Upon his election in 1981 as president of the Republic of France, François Mitterrand
had a major decision to make.
1
It was not a dilemma concerning the French economy nor was it
a decision on where to deploy the French Legionnaire; rather, the decision concerned a more
homely problem for France.
One of the country’s great national treasures, the Louvre, was in
disrepair.
Looking for someone to resurrect the beautiful museum, in a controversial move,
Mitterrand hired I.M. Pei, a Chinese American architect to restore the Louvre.
His solution, to
construct a series of glass pyramids, was considered unique and extraordinary for its time.
What
Pei really hit on, in actuality, was an ancient and mystical concept that defined great architecture
of the past.
This concept, called the golden ratio, has been missing in current architecture since
the twentieth century.
Attempts to understand and reproduce the magic of the golden ratio have
largely been unsuccessful.
The term “golden ratio” is actually one of many that describe this concept.
The golden
ratio is also known as the golden number, golden section, and divine proportion.
It is written as
phi (Φ) in the Greek alphabet.
All, nevertheless, refer to the same number: 1.6180339887.
2
To
arrive at the golden ratio, first begin with a square.
A square can be divided into two equal parts
by drawing a diagonal line from one corner to the opposite corner.
The relationship between one
side of the square to the diagonal line is 1:
2
Furthermore, placing two squares together creates a
double square, or a rectangle.
The relationship between the two differing sides of the rectangle is
two to one.
As with one square, a rectangle can be divided into two equal parts by drawing a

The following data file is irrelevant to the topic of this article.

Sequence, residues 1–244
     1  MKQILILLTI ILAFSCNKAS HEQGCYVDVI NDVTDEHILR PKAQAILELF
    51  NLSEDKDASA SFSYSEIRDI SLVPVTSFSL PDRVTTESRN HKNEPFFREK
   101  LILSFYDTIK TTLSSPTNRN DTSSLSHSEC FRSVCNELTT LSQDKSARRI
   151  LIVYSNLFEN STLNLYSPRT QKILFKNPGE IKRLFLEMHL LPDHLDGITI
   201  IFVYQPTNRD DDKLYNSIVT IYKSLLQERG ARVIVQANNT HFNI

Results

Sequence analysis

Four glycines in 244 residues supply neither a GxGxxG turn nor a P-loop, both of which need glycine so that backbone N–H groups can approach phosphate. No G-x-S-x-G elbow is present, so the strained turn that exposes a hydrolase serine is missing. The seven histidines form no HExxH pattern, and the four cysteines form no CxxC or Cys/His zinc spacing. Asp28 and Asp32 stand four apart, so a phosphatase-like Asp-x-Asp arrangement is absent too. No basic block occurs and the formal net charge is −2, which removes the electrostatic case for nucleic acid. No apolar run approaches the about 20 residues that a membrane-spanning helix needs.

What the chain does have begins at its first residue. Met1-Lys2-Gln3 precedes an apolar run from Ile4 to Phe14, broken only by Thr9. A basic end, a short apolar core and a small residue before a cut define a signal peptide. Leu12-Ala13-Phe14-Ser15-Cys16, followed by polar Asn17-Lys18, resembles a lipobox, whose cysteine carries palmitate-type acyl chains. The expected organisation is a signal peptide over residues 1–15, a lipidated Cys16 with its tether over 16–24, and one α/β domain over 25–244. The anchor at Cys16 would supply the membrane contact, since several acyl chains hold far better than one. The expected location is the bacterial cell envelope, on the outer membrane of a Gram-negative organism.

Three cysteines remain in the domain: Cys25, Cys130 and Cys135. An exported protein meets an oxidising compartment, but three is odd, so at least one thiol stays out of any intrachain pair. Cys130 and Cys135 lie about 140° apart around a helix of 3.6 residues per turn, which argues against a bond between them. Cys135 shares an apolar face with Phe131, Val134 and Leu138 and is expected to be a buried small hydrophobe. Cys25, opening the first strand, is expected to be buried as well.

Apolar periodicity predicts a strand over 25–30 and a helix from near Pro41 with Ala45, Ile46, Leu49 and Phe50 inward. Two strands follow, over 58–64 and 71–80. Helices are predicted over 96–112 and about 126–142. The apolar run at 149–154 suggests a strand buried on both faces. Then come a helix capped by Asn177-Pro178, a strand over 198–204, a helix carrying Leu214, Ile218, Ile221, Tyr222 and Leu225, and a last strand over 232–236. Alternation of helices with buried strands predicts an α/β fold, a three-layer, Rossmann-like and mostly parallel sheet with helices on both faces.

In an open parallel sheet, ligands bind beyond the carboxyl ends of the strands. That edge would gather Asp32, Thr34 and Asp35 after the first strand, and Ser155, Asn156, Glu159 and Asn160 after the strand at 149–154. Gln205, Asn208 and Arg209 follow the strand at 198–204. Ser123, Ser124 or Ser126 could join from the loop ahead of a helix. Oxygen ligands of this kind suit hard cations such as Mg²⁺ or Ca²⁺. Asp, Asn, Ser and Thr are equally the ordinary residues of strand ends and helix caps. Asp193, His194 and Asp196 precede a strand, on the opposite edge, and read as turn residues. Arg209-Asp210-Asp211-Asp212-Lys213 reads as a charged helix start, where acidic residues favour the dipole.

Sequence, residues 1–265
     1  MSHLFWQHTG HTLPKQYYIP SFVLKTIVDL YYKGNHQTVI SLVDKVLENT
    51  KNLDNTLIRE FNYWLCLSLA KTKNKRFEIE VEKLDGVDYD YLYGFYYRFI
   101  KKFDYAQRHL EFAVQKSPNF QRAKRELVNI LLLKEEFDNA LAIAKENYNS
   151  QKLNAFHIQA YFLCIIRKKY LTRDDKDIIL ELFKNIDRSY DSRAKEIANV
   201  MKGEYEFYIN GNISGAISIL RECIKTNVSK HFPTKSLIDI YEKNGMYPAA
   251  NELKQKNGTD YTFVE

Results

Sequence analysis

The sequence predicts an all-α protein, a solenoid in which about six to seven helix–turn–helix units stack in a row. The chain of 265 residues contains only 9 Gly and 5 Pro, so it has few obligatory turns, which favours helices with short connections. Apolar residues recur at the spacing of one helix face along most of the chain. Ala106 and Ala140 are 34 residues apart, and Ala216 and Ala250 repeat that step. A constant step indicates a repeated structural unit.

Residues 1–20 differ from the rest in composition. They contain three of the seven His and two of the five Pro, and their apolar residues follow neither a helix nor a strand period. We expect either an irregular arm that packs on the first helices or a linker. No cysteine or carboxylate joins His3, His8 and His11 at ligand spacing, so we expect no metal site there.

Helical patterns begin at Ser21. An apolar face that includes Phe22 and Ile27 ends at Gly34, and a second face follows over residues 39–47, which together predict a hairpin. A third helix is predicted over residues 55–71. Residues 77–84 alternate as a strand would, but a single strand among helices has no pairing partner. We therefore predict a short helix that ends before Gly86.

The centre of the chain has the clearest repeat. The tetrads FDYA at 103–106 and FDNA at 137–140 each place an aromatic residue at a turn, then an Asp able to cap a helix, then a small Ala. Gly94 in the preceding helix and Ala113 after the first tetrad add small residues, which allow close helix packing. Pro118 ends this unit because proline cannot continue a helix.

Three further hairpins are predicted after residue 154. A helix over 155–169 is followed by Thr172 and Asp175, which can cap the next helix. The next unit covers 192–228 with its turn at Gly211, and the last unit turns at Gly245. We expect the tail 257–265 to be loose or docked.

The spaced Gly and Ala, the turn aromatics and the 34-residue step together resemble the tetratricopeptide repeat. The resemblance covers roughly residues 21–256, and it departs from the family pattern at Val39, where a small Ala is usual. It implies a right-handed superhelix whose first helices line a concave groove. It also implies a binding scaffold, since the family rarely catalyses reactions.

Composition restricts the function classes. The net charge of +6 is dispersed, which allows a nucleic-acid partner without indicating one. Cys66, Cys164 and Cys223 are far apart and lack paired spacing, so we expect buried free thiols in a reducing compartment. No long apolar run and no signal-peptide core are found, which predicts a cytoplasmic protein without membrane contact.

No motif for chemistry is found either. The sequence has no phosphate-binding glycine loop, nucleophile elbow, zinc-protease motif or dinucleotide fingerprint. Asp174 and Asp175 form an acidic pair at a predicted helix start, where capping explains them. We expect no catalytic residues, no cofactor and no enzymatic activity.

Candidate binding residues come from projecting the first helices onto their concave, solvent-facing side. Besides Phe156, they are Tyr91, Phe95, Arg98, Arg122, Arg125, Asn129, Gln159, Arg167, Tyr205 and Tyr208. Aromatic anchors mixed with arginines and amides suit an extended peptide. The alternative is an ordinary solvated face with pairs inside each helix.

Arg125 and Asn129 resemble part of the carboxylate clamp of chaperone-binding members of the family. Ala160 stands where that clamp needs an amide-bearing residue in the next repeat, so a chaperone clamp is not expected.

diagonal line from one corner to the opposite corner.
The relationship between one side of the
rectangle to the diagonal line is 1:
5
From the double square arises the golden ratio.
3
According to Euclid, the first mathematician to define the golden ratio, this ratio comes
from the definition of proportion.
In Euclid’s definition,
“A straight line is said to have been cut
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in extreme and mean ratio when, as the whole line is to the greater segment, so is the greater to
the lesser.”
(Livio 3)
In accordance with Euclid’s definition, from looking at Figure, if the ratio
of the length of AC to the length of CB is equal to the ratio of the length of AB to the length of
AC, then the line is said to be in proper ratio.
This proper ratio is the mathematical basis for the
golden ratio.
The golden ratio is irrational because it does not have a fractional expression; it is
neither a whole number nor a fraction that can easily be defined.
From the golden ratio one can
construct a golden rectangle, in which the ratio of the long side of a rectangle to its short side is
equal to phi.
A square added or subtracted from this golden rectangle can create a new golden
rectangle.
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 Fall '08
 GRUBIAK
 Golden ratio, CHARLES ÉDOUARD JEANNERET

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